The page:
Elected officials aren't just powerful for the offices they win. They are leaders of their own political enterprises, too. They have donors, volunteers, supporters, access to the news media and existing recognition from their previous campaigns. The existence of these enterprises helps make for high re-election rates among incumbents.

But when a party lacks a strong bench of elected officials ready to move up to statewide office, as is the case in states like California and New York today, the result is a tremendous institutional bias in favor of finding a "self-funding" candidate for governor and down-ticket statewide offices. The problem with this shortcut is that personal funds often become a substitute for the kind of political enterprise that wins elections.

Self-funding candidates who can tap into personal fortunes to bankroll their campaigns, or at least launch themselves originally, as Mitt Romney did in 2008, can be very appealing. Such candidates have usually succeeded earlier in the business world. People like the idea of a campaign that will have the resources necessary to reach large numbers of voters. And of course, consultants like the idea of invoices that get paid on time.

Yet there is a trap awaiting wealthy Republican candidates, and over the last decade Democrats have turned tearing these candidates down into a science. The latest to suffer from the plans in this playbook was Romney.

President Reagan's pollster, Richard Wirthlin, defined "caring" as one of six qualities candidates must demonstrate to maintain voter support. In "The Righteous Mind," psychologist Jonathan Haidt demonstrates the importance of moral intuitions in reasoning, and the primacy of care as a moral foundation, especially among people who are in the ideological center and left. And it is this quality that Democrats have become experts at taking away from wealthy Republican candidates like Romney, 2010 California candidates Meg Whitman and Carly Fiorina, and others.

The relentless attacks on Romney's history at Bain Capital were not aimed so much at tearing down Wall Street and playing to the Democrat base as at proving that Romney is "not like us" and "doesn't care" about everyday people.

Two years earlier, the same strategy was employed against Whitman. She was pounded for firing a Latina housekeeper. The message was clear: Whitman didn't care about her poor Latina housekeeper -- and besides, she has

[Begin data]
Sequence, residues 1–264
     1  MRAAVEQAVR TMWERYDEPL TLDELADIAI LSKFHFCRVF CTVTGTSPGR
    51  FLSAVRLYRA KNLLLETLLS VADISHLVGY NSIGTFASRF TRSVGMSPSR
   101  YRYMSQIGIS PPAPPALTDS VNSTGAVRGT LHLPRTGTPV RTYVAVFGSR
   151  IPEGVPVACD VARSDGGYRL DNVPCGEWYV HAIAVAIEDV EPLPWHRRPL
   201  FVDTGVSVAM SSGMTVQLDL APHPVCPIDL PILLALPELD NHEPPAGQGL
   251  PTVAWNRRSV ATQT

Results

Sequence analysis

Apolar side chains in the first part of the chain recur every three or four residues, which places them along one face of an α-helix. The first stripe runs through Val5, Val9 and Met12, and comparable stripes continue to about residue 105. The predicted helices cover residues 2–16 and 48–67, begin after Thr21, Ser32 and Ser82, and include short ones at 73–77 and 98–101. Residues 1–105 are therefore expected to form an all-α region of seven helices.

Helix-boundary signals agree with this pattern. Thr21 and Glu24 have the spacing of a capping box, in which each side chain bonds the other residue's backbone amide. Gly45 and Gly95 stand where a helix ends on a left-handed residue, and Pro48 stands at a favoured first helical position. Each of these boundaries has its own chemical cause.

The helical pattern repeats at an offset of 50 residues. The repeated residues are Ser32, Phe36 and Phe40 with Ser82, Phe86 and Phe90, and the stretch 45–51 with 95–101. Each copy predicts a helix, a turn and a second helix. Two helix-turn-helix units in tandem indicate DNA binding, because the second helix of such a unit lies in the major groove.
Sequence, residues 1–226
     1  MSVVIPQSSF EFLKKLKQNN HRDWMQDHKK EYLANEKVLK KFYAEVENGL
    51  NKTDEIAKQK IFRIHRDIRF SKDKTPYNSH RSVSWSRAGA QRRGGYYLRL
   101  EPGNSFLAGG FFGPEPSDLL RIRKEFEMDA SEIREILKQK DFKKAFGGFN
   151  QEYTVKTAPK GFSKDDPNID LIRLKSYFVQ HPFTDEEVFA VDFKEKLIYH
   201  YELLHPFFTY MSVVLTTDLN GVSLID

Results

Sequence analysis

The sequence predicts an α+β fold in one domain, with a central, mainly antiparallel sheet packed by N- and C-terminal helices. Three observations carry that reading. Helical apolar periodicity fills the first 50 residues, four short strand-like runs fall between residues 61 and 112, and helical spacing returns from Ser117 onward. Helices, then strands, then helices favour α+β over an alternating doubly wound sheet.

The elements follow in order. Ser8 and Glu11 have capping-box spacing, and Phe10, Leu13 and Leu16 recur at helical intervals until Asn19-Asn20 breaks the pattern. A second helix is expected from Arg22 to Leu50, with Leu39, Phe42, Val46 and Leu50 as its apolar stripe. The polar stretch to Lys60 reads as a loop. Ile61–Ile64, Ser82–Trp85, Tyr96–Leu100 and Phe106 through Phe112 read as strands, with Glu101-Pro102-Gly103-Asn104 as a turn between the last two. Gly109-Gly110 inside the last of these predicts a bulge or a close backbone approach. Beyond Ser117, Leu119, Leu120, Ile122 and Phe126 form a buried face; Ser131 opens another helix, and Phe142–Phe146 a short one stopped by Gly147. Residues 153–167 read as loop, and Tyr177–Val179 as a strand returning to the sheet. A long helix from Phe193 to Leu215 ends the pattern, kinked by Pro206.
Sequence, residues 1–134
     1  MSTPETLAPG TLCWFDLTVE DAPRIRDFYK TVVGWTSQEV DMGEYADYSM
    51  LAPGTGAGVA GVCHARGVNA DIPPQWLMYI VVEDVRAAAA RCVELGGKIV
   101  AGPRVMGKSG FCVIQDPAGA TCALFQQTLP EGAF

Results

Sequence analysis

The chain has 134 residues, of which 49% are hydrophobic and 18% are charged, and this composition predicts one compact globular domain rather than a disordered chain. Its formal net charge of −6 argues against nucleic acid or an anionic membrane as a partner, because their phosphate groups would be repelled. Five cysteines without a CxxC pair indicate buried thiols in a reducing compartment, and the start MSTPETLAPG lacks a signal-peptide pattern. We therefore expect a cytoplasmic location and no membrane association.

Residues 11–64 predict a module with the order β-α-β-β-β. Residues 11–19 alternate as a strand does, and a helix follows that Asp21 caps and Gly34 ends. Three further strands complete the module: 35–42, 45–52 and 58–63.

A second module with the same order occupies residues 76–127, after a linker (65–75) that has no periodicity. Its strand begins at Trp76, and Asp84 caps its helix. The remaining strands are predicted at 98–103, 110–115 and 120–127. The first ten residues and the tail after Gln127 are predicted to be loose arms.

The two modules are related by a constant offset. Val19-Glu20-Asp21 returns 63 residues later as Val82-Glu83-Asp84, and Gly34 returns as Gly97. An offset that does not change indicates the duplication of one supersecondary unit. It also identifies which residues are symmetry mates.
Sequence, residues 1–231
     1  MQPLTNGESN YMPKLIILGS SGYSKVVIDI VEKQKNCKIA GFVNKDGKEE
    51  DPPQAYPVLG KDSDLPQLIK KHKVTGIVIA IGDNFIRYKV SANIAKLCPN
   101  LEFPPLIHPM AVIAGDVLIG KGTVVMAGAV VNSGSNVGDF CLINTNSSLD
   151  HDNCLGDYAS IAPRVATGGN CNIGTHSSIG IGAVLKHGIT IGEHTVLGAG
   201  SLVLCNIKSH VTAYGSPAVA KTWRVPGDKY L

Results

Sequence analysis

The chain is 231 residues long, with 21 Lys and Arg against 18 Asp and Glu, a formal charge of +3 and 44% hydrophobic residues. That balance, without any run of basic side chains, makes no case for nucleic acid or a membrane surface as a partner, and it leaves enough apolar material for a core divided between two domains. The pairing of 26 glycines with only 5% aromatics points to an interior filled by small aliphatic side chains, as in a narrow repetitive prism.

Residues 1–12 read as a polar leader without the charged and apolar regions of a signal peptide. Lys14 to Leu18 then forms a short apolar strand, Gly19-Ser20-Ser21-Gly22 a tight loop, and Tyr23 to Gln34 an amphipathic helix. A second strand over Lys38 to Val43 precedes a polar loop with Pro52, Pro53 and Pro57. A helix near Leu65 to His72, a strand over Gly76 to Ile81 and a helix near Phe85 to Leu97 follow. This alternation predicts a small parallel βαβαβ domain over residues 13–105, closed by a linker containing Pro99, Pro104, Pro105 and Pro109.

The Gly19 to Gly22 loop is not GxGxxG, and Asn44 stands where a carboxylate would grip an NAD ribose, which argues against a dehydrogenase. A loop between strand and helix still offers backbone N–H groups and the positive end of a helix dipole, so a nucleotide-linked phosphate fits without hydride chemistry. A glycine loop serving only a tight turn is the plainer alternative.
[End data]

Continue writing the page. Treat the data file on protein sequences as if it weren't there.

a housekeeper, so how much can she really care about the rest of us?

And history has shown that a wealthy candidate's generous charitable contributions provide little cover. Mitt and Ann Romney donated an astonishing $4 million to charities in 2011 alone, or 29 percent of their $13 million in income for that year.

One theory to explain this disconnect is that a wealthy person writing checks to charity does not involve any perceived sacrifice -- a rich guy wrote a check and got a tax deduction, big deal. Likewise, citing large charitable contributions only reinforces the message the candidate is very wealthy, and therefore someone with whom it is more difficult to identify.

In challenging economic times, Republican business candidates have pointed to the number of jobs created by their business activities as proof of their qualifications on economic issues. Romney cited the more than 100,000 jobs created by companies backed by Bain Capital during his tenure. Yet he was given little credit for this, either, especially by critical centrist voters in battleground states like Ohio and swing districts.

Wealthy Republican candidates, especially those planning to finance their own campaigns from their personal fortunes, need to anticipate an opposition that will aim to prove they do not care about the average citizen struggling to make ends meet.

Ron Nehring is the immediate past chairman of the California Republican Party.